them to cross, once again, to those smoky cabarets of a bygone Saigon.
Set to this melody, Truong's film also allows some of us to experience the ecstatic
pleasure found in watching big guns go boom. Truong can afford to treat French artillery as a
show of fireworks, knowing that it must seem quaint compared to the "all-owning spectacle" that
is the American edition of Viet Nam (Trinh 1991). Typified in the genre of the "Vietnam War"
movie, this spectacle is Hollywood's version of shock and awe, projecting both American military
might and American atrocities in full color. While the moral of these movies may be that war is
hell, the subliminal message advertises for the antiheroic American self--tortured and
flawed, yet utterly charismatic. But when Truong turns to the period before 1954 in "The Past is
a Distant Colony," she enters a time when the French still possessed movie star qualities,
albeit those of a more classic era. This suave French colonialism is glamorized in Régis
Wargnier's vehicle for Catherine Deneuve, Indochine, a romance that works like
Hollywood war movies, ostensibly condemning colonialism but always reminding us of how lovely
life on a rubber plantation was, forced labor and all. Faced with these seductions of
colonialism and the classic narratives of a cinema-industrial complex, Truong is unafraid to use
stiff-arm tactics to hold off their charms. She sets her film to a funereal pace and composes a
soundtrack of two women's voices murmuring in French and Vietnamese, most of which she refuses
to translate for the viewer's ease. Truong also refuses to give in to the temptation of staging
and spotlighting black-and-white or sepia-toned photographic images of colonial life, which one
can find fashionably sentimentalized in the galleries of restaurants with names like Le Colonial
or Indochine both in the United States and in Viet Nam. In these eateries, the painful past
isn't papered over. It's merely hung on the walls themselves, a kind of soft-core exotica to
stoke the customer's appetite for an other's culture.
Truong won't permit "The Past is a Distant Colony" to be dolled up in such a fashion.
This can happen even to a film like Apocalypse Now, which I recently saw projected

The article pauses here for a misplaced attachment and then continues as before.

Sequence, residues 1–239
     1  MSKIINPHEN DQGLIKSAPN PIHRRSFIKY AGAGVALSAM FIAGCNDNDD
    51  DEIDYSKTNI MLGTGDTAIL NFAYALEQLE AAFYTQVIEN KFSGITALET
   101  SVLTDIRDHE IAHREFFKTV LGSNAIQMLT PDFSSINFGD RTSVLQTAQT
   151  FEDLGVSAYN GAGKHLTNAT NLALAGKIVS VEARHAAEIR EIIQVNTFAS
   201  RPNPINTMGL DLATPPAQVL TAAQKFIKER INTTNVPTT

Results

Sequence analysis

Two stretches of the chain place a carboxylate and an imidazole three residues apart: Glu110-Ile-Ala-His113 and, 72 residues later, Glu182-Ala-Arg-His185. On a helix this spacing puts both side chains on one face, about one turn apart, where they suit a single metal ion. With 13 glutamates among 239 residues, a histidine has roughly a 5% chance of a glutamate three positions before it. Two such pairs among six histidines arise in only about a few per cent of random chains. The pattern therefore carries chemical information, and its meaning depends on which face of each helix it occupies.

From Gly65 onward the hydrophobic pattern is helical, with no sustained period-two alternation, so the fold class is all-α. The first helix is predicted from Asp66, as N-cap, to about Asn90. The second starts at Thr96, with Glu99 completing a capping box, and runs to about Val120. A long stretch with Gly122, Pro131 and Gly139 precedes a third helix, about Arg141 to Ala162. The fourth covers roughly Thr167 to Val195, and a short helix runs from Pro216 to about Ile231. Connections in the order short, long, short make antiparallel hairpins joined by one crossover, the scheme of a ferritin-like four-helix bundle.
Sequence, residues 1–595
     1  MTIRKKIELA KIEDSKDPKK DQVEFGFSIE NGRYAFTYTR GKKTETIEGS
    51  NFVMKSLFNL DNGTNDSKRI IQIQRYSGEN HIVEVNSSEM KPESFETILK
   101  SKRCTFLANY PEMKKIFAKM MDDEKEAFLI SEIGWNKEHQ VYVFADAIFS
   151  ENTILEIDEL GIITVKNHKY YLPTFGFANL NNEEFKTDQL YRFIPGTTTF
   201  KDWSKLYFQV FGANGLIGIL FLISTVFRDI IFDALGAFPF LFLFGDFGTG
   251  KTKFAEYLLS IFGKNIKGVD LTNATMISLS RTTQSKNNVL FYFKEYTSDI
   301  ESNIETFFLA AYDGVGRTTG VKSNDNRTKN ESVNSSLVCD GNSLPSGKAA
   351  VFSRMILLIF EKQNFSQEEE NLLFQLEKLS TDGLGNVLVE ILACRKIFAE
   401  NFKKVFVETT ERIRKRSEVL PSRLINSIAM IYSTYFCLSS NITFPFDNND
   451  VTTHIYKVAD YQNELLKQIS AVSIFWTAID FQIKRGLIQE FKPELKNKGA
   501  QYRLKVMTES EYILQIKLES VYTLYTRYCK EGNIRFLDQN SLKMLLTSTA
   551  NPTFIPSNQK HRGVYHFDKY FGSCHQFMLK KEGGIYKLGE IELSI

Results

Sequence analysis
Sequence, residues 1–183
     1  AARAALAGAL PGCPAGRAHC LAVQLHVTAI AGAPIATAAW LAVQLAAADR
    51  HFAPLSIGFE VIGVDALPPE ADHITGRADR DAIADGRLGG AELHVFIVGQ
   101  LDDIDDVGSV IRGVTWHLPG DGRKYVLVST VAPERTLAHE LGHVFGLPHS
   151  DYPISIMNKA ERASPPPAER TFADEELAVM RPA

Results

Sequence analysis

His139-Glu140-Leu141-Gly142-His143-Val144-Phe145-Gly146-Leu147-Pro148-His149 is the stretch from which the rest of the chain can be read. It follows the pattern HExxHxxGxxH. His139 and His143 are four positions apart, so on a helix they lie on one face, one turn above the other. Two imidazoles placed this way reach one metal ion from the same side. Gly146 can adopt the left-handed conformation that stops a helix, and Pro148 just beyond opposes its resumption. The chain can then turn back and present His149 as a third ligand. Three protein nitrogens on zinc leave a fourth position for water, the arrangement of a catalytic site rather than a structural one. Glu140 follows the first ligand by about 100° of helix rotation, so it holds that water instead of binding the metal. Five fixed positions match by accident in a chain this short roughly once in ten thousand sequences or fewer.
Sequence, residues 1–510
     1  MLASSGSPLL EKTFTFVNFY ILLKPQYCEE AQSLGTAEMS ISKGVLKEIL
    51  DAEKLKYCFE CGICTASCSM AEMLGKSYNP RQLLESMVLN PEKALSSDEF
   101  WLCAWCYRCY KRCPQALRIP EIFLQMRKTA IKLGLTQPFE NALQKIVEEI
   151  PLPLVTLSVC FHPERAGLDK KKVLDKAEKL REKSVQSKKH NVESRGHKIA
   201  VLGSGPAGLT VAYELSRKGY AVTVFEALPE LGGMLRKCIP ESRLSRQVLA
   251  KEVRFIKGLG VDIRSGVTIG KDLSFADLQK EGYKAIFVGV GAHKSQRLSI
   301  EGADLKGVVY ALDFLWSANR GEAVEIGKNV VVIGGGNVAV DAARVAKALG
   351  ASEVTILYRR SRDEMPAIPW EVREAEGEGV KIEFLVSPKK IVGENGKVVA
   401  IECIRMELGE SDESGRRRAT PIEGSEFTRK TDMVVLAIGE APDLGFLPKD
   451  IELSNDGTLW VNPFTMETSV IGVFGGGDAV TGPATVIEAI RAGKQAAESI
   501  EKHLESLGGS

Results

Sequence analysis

onto a downtown L.A. skyscraper for the entertainment of chic bar patrons who didn't spill a
drop as Martin Sheen hacked Marlon Brando to death. Truong's film can challenge the bland
palate of consumer culture because it is still fresh enough to be raw, provoking us through the
filmmaker's signature strategy of selecting obscure film reels and duplicating their images
side by side, as if mirrored. Obscure and evocative, elusive and allusive, these cinematic
Rorschach blots compel reactions that might tell us more about ourselves than about the film.
in the structure of the mirrored images a brilliant formal expression of the 1954 division of
Viet Nam itself into North and South, a cleaving evident in the chiasmus between the mirrored
images. While it would be difficult to say that there were ever only two sides to any one issue
for the Vietnamese, the overriding historical urgency after 1954 and the departure of the
French was this sense for the Vietnamese of having to choose between one side or the other.
Instead of representing heterogeneity and endless difference, as we see happening in Trinh
T. Minh-ha's meta-documentary Surname Viet Given Name Nam, "The Past is a Distant
Colony" opts for the visual metaphor of a duality that is not only elegant but threatening,
signaling as it does the way that neutrality and the suspension of choice are restricted during
war time to that thin demilitarized zone between the two opposing images.
If this duality is suitable for expressing the political cleavage between communism and
capitalism as well as between North and South, it's also a visual reminder of the film's concern
the duality of gender, which it voices through women's speech. Soldiers, artists and politicians
on both sides of the colonial divide use metaphors of gender and sex in their
propaganda, but Truong firmly silences that language of power in favor of a Vietnamese nun
speaking of suffering, in Vietnamese, and another woman speaking of her Indochinese life, in
French. The French woman's account is suffused with sadness and sensuality, as she recounts a
childhood and a failed love affair. Is she French or is she Vietnamese? Is she colonizer or
colonized? Truong leaves her nationality ambiguous, suitable for the confusions and
contradictions created by the mission civilisatrice and its lesson that all
its colonized could count among their forebears "our ancestors, the Gauls," regardless of their